The following voice mail message awaiting my arrival home intrigued me: “I’m a former military man and a minister of the Gospel,” said the speaker, adding “I want to talk to you about your book, “A Place To Hide.”
Like any author, I enjoy receiving contacts about my books, but why this call at this time concerning a book that had been published in 1983 and has long been out of print?
My purpose in writing it had been to provide help to those so frightened by the nuclear threat of the cold war that they were joining survivalist groups and heading for the hills.
Thousands in North America had built and stocked elaborate bunkers with supplies to survive in the event of a nuclear attack and were arming themselves intending to kill, if necessary, anyone who tried to get any of their food or other provisions. “If thy neighbor hunger, shoot him,” seemed to be the prevailing attitude among these frightened people.
I saw the self-centered view among most survivalists as contrary to a lifestyle of faith and called for a relationship with God that would enable us to conquer our fears, expecting God to protect us.
Upon returning the call of this minister, I discovered that his wife had found my book in a library and, bringing it home, told her survivalist husband she didn’t think he would like it. This peaked his interest and he began to devour the book, finally breaking down in tears over how mistaken he had been and wanting to share his change of heart with others. While his former goal had been to hold retreats where he could teach people how to survive, he now wanted to help them understand that our survival ultimately rests with God and our greatest need is to be right with Him. In other words, he now saw revival as the key to survival. But what is revival?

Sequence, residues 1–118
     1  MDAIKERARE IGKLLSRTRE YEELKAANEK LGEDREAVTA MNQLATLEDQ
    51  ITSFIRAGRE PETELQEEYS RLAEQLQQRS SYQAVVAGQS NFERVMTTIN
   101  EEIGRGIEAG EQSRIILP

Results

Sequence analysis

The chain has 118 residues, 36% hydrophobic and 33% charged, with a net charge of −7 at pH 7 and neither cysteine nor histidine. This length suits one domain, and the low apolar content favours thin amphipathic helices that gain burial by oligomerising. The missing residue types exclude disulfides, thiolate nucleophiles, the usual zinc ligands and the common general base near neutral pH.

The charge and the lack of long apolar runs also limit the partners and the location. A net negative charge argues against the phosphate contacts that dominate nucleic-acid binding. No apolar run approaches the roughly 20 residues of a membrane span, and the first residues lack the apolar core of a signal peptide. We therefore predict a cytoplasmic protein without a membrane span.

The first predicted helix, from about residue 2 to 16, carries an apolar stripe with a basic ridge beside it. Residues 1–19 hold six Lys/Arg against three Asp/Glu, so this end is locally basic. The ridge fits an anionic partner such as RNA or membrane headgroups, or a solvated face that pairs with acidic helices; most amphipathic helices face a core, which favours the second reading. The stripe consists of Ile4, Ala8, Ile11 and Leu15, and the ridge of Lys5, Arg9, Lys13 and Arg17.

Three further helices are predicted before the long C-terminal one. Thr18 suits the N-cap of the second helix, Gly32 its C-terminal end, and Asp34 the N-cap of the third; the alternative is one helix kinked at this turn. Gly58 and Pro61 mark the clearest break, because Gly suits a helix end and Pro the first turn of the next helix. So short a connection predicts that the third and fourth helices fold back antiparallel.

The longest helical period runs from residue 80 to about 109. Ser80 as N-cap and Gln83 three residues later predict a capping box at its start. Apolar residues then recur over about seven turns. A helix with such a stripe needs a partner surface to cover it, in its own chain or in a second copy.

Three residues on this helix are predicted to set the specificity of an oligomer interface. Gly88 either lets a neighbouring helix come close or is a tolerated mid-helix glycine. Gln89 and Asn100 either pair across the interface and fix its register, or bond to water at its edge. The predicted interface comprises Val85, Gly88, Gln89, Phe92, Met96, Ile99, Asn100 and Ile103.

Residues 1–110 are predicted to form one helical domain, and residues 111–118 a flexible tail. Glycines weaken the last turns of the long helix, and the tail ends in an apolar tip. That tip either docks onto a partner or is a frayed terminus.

Some see revival as a series of meetings over a period of several days with a visiting speaker, musical group or both, but historically genuine spiritual awakenings have been far more than religious efforts boxed in by dates on church calendars.
Walter Bolt, a man active in a late twentieth century Canadian awakening said “Revival is God at work restoring His church to health.” Charles Finney, the often quoted nineteenth century minister-writer still considered an authority on revival, called it “a new beginning of obedience to God.”
The first recorded widespread North American revival began in The Congregational Church of Northampton, Massachusetts in 1735. Pastor Jonathan Edwards became concerned about the weak spiritual condition of his church and community and began praying for revival. Historians call the answer to his prayers “The Great Awakening.”
Churches all over New England came alive; prayer meetings were packed, the moral tone of the time was lifted and crime declined. Even Europe was affected as the news spread across the Atlantic, aiding the Wesleyan revival that was changing England.
These tense times call for a new focus on old essentials: repentance, faith and prayer.
Our survival may depend on a genuine revival based on enduring Biblical truth.
Would you be in favor of having a great awakening begin in your church and community? Are you willing to allow this revival to begin in you?